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Consumers worried about interest rate rises

Consumers worried about interest rate rises

Category: Mortgages

Updated: 04/08/2017
First Published: 16/12/2013

This article was correct at the time of publication. It is now over 6 months old so the content may be out of date.

According to the Building Societies Association (BSA), interest rate rises are the biggest risk to the housing market in 2014 with a lot of householders worried about the impact any increased rates could have.

Over a quarter of those surveyed (or 27%) say that the potential for rising interest rates is their main concern for the year ahead, but they're also becoming increasingly worried about the affordability of mortgage repayments with 46% now saying that this would be a barrier to property purchase, up 11% on September 2013's figure.

However, first-time buyers are more positive about the market compared to three months ago. Raising a deposit is still thought to be the biggest barrier to home ownership but the number of those who believe this to be the case has actually fallen by a third since September – down to 44% from 66% previously – with publicity surrounding the Help to Buy scheme arguably the main driver behind it.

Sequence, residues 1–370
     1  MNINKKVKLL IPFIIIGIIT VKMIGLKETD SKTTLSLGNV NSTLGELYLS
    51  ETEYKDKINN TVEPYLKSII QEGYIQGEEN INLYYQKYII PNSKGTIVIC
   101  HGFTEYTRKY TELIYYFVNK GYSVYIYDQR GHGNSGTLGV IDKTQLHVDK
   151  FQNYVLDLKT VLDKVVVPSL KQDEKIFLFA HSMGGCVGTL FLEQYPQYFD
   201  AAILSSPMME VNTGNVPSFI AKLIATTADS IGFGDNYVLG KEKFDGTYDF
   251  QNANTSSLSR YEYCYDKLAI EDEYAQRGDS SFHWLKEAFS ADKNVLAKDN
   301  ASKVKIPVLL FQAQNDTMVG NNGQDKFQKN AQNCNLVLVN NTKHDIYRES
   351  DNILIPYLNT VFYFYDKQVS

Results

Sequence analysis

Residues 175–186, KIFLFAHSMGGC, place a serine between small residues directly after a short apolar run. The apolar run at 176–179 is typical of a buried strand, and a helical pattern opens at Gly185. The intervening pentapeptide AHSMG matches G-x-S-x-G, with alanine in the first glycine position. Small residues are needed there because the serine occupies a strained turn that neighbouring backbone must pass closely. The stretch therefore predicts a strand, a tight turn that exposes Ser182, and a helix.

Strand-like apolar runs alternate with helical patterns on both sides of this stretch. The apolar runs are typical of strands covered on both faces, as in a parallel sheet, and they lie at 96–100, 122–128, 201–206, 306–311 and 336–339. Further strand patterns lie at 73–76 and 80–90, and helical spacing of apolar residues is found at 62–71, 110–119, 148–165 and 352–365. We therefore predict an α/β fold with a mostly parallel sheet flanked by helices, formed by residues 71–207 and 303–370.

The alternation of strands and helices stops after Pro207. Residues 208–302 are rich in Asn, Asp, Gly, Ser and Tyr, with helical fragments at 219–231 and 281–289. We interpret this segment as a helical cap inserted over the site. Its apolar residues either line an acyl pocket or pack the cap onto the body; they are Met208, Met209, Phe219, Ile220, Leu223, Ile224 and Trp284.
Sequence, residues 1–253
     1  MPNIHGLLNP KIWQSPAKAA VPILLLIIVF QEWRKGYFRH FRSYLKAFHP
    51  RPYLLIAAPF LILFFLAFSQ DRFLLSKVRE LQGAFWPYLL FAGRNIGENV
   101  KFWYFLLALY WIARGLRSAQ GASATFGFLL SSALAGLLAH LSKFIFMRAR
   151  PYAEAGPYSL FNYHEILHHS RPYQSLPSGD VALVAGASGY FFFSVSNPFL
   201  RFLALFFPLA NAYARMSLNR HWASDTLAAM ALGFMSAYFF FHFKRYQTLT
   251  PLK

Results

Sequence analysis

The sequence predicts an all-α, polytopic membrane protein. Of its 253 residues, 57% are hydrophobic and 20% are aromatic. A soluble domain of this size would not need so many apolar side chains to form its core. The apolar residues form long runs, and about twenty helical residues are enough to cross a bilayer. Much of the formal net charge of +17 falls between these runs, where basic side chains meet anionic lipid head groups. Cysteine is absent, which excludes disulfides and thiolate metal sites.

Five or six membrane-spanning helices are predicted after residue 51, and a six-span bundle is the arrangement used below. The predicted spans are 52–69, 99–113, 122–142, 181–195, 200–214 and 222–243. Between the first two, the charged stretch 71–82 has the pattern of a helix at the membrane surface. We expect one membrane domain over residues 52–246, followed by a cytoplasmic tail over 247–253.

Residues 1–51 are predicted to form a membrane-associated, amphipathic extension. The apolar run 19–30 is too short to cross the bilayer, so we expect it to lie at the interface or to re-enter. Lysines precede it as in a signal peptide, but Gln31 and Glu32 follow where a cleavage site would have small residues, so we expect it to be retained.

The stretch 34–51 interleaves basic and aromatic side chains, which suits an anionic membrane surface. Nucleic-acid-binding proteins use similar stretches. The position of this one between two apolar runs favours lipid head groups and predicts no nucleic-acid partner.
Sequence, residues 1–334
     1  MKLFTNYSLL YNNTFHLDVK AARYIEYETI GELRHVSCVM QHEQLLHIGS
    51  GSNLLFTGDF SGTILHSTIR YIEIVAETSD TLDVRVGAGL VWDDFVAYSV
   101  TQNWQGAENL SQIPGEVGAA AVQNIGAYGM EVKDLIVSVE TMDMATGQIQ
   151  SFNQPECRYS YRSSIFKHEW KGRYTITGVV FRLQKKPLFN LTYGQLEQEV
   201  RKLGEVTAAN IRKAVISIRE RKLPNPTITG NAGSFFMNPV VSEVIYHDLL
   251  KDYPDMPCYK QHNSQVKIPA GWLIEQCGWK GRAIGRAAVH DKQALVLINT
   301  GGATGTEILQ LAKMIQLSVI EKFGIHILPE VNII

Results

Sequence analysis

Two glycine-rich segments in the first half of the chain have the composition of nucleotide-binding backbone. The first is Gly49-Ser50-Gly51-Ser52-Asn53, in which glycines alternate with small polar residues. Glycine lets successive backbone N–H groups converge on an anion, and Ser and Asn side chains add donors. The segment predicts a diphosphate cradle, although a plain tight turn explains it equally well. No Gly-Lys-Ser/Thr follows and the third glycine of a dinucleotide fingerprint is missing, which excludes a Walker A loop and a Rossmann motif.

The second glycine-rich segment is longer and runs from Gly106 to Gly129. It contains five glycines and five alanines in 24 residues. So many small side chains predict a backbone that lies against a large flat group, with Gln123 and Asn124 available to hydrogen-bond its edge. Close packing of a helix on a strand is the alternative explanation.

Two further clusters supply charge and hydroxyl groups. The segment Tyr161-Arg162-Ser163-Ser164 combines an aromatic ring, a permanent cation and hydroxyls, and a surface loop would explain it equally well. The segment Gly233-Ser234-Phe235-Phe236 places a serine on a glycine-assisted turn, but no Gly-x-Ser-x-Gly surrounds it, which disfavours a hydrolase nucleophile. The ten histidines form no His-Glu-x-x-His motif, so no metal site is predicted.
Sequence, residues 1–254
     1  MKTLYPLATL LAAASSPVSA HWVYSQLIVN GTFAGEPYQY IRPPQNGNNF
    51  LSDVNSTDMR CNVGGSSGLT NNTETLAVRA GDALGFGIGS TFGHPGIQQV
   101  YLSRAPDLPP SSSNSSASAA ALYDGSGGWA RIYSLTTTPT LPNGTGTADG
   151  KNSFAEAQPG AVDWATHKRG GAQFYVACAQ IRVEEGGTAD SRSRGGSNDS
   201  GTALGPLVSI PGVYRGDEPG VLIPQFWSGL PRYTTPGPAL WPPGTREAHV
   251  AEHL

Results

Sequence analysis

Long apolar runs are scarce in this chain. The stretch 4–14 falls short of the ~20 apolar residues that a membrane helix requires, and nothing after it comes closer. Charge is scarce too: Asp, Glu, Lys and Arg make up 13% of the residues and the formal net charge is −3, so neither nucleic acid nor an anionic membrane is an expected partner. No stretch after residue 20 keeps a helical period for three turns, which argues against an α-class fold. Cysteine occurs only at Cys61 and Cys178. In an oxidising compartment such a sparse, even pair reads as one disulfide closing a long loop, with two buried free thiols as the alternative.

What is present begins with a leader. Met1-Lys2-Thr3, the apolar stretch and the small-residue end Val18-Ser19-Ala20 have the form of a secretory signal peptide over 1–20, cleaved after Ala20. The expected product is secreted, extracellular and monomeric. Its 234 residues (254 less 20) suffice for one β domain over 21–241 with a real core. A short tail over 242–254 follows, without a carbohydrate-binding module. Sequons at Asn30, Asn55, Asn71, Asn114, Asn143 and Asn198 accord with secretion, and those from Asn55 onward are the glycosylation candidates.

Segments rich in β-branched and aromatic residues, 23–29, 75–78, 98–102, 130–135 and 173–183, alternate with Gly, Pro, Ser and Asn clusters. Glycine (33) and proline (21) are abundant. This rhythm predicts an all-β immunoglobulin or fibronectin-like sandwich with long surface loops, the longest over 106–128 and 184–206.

This increased positivity is a welcome sign for the housing market, and there are plenty of great mortgage deals to be found. Incidentally, a lot of householders would be wise to take advantage of the current record-low interest rates – for those who can afford it it's a great time to make mortgage overpayments, thereby reducing the overall mortgage value before base rate rises.

But, homeowners needn't be too concerned about rising interest rates just yet. Even when rates do rise it's likely to be a gradual change and invariably won't happen for at least 12 months, and with affordability checks being a key part of most lenders' criteria any eventual rises shouldn't place too much of a burden on household budgets.

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